Pressure injury or slow healing wound? Consider nutrition!
If you have a client with a Grade 3 or Grade 4 pressure injury and/or other wound which is slow to heal, have they ever been reviewed by a dietitian?
This may sound like an unusual or surprising suggestion, but there is a massive link between someone’s nutritional status and their body’s ability to heal wounds. This connection is frequently overlooked, in spite of the 2019 International Guidelines on the Prevention and Treatment of Pressure Ulcers/Injuries specifying that a comprehensive nutrition assessment should be completed for ALL clients with a pressure injury.1
You can’t build skin out of thin air. The food you eat provides the “building blocks” necessary to form new, healthy skin. In fact, malnutrition is a massive contributing factor to wounds developing in the first place.2
So while clients may have amazing district nursing and tissue viability teams in place offering the most advanced dressings, a wound simply cannot heal without the appropriate amounts of protein and other nutritional “building blocks.” Even clients who have struggled with slow wound healing for YEARS, can often start to heal beautifully once they get the nutrition right.
How can a dietitian help with wound healing?
Dietitians can help clients with wound healing in five main ways.
1. Blood tests
There are three main blood tests which need to be done any time a wound is slow to heal:
- HbA1C (to check for diabetes/pre-diabetes);
- full blood count (to check for iron deficiency anaemia);
- ferritin (a secondary marker for iron deficiency anaemia).
Elevated blood glucose levels can make a wound much slower to heal and much more prone to infection. Insufficient iron in the body can lead to reduced ferritin levels and ultimately, low haemoglobin levels. Low haemoglobin levels will reduce the amount of oxygen that the red blood cells can deliver to the wound and this can slow wound healing.
2. Protein intake
Wound healing requires extra protein — and while some clients are aware they need to eat “more” protein, many are unclear as to exactly how much protein they need to eat. Protein requirements are based on body weight and someone with a pressure injury or wound typically needs about 1.2 – 1.5 grams protein per kg body weight(1) (subtract 25% if the client is obese). High-calorie, high-protein nutrition supplements are one option for increasing the protein intake in underweight clients. However, the situation is much more tricky in overweight or obese clients, where they often have extremely high protein requirements but extremely low calorie needs. Some clients hear the “more protein” message and are happy to load up on more meat/chicken/fish, only to realise that they have gained significant amounts of weight because they didn’t reduce their intake of other foods to offset this. Weight monitoring is critical during the wound healing period, to prevent unwanted weight gain (or weight loss).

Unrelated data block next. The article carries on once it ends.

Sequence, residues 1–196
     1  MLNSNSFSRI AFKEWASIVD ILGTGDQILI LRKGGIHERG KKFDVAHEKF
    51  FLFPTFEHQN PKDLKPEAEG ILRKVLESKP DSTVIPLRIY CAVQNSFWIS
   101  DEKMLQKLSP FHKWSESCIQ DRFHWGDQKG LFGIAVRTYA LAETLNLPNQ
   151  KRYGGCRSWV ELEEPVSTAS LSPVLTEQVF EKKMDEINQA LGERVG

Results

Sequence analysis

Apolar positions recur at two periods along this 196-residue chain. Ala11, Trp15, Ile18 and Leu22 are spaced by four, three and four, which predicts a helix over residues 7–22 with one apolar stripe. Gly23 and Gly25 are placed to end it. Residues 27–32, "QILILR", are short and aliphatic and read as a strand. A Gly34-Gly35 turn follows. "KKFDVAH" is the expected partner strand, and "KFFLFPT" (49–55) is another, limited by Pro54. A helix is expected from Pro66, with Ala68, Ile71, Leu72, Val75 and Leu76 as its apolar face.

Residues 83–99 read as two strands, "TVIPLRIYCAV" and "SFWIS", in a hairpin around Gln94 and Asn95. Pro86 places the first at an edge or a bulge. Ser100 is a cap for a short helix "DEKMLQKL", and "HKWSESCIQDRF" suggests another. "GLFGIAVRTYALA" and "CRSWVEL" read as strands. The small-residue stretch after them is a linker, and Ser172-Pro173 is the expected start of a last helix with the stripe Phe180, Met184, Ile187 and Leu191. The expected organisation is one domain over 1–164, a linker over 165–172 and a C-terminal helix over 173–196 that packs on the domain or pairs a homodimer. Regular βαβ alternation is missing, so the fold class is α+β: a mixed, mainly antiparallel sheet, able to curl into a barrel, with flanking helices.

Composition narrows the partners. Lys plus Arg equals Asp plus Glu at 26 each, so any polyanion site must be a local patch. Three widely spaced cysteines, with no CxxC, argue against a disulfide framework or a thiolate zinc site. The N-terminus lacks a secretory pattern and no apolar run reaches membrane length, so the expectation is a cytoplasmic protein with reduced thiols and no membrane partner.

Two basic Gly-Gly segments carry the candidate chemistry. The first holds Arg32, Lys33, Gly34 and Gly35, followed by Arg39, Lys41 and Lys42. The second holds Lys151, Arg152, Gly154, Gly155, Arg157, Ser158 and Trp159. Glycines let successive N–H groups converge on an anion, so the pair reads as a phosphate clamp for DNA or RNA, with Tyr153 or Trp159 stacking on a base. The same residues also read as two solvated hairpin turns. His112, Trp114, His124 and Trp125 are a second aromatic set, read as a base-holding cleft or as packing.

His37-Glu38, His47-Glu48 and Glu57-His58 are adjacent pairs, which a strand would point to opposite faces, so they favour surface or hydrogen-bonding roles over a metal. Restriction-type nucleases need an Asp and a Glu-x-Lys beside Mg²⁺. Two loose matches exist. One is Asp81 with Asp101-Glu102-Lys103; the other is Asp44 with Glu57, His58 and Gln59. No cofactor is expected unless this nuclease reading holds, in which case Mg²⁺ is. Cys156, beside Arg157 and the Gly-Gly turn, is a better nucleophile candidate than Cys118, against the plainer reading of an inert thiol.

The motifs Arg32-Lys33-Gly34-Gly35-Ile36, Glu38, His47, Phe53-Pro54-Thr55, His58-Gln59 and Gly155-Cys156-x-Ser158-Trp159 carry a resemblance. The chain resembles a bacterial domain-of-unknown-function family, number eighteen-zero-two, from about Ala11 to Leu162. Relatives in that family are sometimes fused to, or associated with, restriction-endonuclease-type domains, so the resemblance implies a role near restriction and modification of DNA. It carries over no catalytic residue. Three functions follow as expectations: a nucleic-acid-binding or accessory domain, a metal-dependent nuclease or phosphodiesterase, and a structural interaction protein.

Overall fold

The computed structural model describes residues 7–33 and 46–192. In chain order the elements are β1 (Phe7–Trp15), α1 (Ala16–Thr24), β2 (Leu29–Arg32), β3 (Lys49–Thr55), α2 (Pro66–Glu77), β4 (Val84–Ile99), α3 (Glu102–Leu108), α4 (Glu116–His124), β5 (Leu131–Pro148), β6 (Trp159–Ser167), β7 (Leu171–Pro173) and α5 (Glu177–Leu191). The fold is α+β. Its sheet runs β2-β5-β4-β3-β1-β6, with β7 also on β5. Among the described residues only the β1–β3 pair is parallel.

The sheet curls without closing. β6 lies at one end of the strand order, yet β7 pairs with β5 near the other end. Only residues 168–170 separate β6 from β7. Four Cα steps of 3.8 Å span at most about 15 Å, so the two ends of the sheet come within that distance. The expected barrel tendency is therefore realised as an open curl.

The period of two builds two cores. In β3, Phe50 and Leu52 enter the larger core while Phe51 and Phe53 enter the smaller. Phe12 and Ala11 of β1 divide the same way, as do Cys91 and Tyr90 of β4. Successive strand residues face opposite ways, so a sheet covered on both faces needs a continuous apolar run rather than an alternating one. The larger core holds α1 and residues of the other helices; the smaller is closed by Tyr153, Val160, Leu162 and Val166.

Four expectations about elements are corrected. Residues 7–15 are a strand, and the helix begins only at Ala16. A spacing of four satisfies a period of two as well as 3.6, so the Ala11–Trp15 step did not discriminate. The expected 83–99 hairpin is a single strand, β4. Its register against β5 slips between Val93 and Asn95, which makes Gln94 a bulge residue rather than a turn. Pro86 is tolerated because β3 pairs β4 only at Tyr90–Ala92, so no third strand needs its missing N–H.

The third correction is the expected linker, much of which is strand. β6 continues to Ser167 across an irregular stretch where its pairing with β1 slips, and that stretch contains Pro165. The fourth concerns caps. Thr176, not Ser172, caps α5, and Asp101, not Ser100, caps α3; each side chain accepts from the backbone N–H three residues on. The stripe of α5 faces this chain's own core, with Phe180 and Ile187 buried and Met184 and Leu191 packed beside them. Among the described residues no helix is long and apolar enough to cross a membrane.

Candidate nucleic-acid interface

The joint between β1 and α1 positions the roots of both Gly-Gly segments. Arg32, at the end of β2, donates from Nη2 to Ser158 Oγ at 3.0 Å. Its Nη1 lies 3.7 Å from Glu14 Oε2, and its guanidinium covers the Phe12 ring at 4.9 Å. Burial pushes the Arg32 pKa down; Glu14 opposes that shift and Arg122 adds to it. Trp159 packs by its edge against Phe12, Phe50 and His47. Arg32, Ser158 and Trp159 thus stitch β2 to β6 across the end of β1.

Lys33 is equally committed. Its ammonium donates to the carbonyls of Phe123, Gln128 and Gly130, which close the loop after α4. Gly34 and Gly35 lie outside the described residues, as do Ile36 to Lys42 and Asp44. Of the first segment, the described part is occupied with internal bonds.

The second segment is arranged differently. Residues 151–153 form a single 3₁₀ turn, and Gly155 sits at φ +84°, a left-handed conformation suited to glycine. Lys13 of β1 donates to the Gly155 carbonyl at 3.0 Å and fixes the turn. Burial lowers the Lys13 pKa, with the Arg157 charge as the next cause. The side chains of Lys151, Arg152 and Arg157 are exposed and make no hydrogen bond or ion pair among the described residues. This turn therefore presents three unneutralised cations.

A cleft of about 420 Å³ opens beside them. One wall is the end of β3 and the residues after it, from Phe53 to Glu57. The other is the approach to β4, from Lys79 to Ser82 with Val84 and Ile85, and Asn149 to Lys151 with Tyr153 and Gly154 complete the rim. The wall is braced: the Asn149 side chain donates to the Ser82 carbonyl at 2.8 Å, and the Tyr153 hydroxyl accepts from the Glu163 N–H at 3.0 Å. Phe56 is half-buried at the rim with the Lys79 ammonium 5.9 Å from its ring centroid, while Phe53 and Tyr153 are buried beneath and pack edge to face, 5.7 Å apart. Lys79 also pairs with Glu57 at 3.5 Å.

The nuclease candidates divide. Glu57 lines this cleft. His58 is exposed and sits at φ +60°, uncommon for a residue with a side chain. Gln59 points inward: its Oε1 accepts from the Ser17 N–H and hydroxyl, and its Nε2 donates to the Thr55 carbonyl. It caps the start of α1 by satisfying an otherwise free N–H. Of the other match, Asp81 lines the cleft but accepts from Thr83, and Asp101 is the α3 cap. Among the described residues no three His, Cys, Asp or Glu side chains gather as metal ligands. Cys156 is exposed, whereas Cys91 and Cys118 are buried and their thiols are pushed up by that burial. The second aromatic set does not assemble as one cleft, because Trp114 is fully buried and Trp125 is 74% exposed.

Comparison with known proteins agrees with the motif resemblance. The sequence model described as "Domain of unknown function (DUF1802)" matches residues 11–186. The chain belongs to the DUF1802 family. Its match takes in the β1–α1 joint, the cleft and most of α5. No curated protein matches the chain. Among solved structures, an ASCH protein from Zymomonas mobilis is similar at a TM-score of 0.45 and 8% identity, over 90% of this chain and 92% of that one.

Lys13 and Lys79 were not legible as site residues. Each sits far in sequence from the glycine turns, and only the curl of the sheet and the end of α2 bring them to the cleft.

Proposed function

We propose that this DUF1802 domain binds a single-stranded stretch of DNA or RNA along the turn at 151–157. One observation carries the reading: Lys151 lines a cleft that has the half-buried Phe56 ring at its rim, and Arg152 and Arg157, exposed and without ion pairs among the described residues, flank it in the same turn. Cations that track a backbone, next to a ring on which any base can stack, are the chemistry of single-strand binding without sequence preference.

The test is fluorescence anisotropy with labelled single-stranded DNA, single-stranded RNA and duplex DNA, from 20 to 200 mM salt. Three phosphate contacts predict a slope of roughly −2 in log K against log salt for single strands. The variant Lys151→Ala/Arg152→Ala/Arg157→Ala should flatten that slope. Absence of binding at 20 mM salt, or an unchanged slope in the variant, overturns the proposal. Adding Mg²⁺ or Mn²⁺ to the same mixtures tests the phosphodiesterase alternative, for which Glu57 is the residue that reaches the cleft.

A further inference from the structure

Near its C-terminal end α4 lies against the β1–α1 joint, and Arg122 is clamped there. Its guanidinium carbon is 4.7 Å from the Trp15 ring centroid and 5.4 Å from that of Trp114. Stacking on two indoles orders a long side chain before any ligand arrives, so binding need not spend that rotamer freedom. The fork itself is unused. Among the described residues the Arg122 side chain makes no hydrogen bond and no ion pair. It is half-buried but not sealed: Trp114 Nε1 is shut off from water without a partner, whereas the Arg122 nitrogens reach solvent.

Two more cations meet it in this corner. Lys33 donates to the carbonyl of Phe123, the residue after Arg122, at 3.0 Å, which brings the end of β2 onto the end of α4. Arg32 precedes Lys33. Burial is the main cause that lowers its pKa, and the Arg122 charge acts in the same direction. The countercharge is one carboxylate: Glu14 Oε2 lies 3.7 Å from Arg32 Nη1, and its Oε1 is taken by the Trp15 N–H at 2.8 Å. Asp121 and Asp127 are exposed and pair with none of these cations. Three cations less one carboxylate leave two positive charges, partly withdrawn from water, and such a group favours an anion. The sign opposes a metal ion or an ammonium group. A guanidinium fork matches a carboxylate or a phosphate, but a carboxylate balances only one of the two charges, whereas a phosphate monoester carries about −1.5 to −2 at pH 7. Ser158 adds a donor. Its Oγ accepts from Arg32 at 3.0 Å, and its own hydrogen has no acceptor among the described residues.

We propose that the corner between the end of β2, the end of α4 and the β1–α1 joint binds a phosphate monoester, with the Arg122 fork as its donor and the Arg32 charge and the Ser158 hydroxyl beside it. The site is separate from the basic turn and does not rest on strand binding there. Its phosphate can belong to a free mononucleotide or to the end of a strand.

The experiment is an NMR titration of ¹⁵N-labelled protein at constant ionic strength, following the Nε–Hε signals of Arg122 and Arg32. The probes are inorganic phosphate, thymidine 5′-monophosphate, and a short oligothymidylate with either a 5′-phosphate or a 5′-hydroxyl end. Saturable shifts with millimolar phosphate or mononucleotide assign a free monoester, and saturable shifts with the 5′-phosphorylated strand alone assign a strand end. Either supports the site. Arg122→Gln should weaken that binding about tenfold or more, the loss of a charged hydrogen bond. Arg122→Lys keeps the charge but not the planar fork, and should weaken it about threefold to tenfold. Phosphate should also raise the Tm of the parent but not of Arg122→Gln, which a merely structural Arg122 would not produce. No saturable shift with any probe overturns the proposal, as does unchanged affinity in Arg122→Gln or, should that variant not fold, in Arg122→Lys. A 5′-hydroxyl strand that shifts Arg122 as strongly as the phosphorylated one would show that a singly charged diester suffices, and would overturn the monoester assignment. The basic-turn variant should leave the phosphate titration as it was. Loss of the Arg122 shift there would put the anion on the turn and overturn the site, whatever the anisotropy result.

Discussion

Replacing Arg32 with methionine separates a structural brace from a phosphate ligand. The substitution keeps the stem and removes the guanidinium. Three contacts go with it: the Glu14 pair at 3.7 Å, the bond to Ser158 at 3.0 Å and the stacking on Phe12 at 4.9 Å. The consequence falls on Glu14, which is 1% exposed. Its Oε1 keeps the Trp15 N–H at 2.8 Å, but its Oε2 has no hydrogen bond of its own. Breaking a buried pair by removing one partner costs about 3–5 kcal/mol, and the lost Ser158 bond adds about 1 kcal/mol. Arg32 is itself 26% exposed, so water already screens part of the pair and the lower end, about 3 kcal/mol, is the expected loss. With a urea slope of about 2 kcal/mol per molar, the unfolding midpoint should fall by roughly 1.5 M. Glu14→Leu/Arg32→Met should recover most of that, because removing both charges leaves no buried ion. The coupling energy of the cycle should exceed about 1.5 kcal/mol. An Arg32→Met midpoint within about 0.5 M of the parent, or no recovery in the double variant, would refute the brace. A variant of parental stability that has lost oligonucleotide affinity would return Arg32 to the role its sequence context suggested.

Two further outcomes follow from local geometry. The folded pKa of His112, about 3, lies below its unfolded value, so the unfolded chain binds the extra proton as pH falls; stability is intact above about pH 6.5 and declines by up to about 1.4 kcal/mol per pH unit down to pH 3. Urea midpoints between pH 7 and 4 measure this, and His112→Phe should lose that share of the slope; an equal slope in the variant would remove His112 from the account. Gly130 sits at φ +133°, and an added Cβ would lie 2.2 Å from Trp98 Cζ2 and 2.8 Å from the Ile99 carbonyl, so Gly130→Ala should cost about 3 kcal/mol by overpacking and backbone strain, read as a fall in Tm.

3. Micronutrients (vitamins & minerals)
Certain vitamins and minerals are absolutely critical for wound healing and skin repair, such as vitamin A, vitamin C, vitamin E, zinc, copper, selenium and magnesium.2, 3 Wound healing increases the body’s need for certain nutrients and additional supplements are often required to ensure that these higher needs are being met. To achieve this, dietitians may start clients on either a nutritionally complete multivitamin and mineral supplement or if they are underweight, an oral nutrition supplement.
Over-the-counter multivitamin and mineral supplements are not all the same, and some have excessive amounts of some nutrients while missing out on others. Examples of nutritionally balanced multivitamin and mineral supplements include Sainsbury’s A-Z, Tesco A-Z or Asda A-Z. Most wounds will require an additional vitamin C supplement on top of this as well.
While consuming enough protein is important for wound healing (as outlined above), higher levels of the amino acid arginine (in particular) can speed up and support wound healing even more.4, 5, 6 The 2019 International Guidelines on the Prevention and Treatment of Pressure Ulcers/Injuries specify that adults with a Stage II or greater pressure injury consume a high-calorie, high-protein oral nutrition supplement containing arginine, zinc and antioxidants. Other research suggests that combining the arginine with glutamine, omega-3 fatty acids and/or nucleotides, may provide an additive or synergistic effect for even better wound healing.4, 7
5. Hydration and other lifestyle factors
Dehydration causes the skin to lose elasticity and makes it more fragile.2 It also slows the transport of oxygen and nutrients to the wound.8 A dietitian can work with clients to increase their fluid intake if required.
Being overweight, smoking and/or consuming high amounts of alcohol are other lifestyle factors which can contribute to slow wound healing.3 A dietitian can certainly help clients with managing their weight and can also direct clients to resources that support them to stop smoking or reduce their alcohol intake, if required.
For a more detailed explanation of how nutrition impacts wound healing, check out: Nutrition….healing wounds from the inside out.
To refer a client with a pressure injury or slow healing wound, contact Specialist Nutrition Rehab at firstname.lastname@example.org or 0121 384 7087.
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